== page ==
Now when people you meet at the hotel, in the airport, or at the beach find out you will be dining at Mama's, and afterwards when friends at home inquire about your trip, almost everyone will ask if you tried the Polynesian Black Pearl--their signature dessert--a passionfruit chocolate mousse served in a pastry seashell.  Preparing for our dinner, it is the only dish virtually everyone said we had to try.  So when our server rather passionately steered us another direction, it was a dilemma.  As she had guided us flawlessly in every other way, it felt rude not to trust her at the finale.  And I am so glad that we chose to trust her, because this Kuau chocolate pie was a memory in and of itself.  As your fork cuts down into a gooey (yet not overpoweringly rich) chocolate ganache, buttery caramel pours out the sides down the chocolate cookie crust.  You then stab a raspberry or blueberry and swirl it through the sauce, before stabbing the chocolate for the perfect bite.  Our server brought out a scoop of homemade Bailey's ice cream to help balance the flavors, and it was a profoundly delicious combination.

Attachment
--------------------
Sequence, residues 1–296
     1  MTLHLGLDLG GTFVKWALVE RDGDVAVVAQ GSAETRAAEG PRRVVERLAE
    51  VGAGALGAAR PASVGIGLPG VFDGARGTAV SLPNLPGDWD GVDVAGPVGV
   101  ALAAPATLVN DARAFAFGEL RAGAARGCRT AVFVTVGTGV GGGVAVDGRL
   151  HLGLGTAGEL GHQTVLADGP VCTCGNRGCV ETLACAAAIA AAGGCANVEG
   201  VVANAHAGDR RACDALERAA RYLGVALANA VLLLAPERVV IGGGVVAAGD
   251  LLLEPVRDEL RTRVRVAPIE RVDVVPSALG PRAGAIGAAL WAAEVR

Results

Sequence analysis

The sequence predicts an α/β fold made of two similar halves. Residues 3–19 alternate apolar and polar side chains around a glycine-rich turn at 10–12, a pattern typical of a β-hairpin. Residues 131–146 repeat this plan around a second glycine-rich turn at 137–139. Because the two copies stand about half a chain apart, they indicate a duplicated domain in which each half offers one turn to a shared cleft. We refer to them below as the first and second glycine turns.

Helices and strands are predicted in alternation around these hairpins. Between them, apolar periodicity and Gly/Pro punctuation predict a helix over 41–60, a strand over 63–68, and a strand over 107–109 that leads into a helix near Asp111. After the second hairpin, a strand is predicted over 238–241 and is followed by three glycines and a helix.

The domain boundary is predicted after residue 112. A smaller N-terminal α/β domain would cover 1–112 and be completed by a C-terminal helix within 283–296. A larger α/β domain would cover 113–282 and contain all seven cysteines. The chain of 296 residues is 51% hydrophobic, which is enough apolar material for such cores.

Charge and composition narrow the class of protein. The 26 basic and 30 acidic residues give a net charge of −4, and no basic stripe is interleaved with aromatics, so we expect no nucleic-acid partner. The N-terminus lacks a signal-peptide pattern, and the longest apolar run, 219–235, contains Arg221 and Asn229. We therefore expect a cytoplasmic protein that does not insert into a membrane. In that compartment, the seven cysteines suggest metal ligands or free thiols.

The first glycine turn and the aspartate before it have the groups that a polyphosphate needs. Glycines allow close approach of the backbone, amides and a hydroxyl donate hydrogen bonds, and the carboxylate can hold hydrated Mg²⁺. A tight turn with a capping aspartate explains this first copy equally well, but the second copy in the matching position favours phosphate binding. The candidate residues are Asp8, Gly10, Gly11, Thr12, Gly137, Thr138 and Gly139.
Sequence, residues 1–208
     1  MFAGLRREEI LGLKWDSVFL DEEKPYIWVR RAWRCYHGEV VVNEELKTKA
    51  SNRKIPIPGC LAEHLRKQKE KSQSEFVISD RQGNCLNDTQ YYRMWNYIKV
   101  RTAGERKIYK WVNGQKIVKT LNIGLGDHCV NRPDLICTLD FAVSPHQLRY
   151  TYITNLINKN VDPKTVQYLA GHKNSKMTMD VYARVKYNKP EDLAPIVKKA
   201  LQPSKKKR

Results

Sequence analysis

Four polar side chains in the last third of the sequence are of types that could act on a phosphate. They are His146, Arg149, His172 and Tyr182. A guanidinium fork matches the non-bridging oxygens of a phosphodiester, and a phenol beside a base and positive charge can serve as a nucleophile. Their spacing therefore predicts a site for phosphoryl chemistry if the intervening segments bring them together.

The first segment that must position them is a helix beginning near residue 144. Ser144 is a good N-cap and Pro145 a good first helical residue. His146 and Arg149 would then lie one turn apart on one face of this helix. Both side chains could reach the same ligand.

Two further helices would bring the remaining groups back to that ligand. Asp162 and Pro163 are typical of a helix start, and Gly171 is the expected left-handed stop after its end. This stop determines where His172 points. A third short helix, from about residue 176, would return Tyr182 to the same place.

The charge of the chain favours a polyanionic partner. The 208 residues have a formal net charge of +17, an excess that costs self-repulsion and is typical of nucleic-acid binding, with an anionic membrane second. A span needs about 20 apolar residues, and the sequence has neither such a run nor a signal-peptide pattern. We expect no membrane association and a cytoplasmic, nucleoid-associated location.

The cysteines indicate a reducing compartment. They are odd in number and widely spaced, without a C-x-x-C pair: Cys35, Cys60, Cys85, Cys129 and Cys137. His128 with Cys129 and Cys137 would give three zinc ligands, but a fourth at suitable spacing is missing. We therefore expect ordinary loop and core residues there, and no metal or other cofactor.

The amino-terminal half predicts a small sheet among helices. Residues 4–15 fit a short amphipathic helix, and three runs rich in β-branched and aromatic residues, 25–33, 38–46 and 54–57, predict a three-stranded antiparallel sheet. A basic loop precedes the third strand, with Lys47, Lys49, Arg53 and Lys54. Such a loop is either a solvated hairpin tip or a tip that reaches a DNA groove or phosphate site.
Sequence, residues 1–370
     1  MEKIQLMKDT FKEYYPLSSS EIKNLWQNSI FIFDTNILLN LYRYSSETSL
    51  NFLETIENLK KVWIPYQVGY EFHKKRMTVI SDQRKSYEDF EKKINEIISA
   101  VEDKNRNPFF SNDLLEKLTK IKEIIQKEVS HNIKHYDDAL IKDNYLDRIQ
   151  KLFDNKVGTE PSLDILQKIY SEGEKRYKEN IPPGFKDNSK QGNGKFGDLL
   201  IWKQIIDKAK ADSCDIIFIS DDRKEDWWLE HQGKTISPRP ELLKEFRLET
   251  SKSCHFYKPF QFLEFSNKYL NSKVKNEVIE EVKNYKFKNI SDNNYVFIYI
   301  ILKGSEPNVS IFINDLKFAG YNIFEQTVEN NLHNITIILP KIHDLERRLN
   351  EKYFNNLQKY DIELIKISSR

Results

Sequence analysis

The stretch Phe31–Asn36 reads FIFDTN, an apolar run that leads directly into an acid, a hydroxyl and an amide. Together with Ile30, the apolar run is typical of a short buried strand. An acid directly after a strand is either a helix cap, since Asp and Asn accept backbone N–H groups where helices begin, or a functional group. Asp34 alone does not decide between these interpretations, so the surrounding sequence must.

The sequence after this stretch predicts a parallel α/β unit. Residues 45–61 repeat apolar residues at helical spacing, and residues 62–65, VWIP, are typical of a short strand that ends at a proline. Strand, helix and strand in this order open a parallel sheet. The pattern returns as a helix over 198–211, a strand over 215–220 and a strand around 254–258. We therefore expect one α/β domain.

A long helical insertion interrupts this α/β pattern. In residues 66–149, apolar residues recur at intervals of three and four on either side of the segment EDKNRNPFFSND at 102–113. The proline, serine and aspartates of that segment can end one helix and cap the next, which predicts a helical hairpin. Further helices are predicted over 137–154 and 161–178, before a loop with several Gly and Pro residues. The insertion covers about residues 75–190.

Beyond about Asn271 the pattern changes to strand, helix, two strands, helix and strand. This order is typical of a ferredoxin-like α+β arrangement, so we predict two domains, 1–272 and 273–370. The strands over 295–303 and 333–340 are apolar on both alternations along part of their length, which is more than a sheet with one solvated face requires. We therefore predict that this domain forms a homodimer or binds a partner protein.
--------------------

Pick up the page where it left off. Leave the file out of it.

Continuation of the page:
Vacation dinner in my family always ends with a slice of key lime pie, so when our server gave us the thumbs up on the Tahitian Lime pie with coconut lime sorbet, we had to jump in.  Topped with a toasted coconut dusted chocolate palm tree on a beach of cookie crumbles and crunchy chocolate pearls, it was perfectly tart and playful--a great balance to its more decadent chocolate caramel counterpart.  And after a stemmed mug of Bora Bora coffee with dark rum and a scraping of fresh vanilla bean, an evening dip in the jacuzzi and a light swim in the pool was the only thing left to cap off the evening.

Our check was presented with two pieces of homemade haupia, like a small mignardises of coconut panna cotta--as well as a warm hand towel soaked in almond extract, which left our hands almost bafflingly smooth and moisturized.  

The price range is admittedly a little higher than many other Hawaiian restaurants (though certainly nothing shocking by New York standards), but the check you pay at the end has less to do with the plates you ordered than the entire memory that was created.  From atmosphere and decor, to service, exceptional and exotic cuisine, to complimentary valet parking, I cannot imagine a better dollar spent on a holiday.

Mama's Fish House on Urbanspoon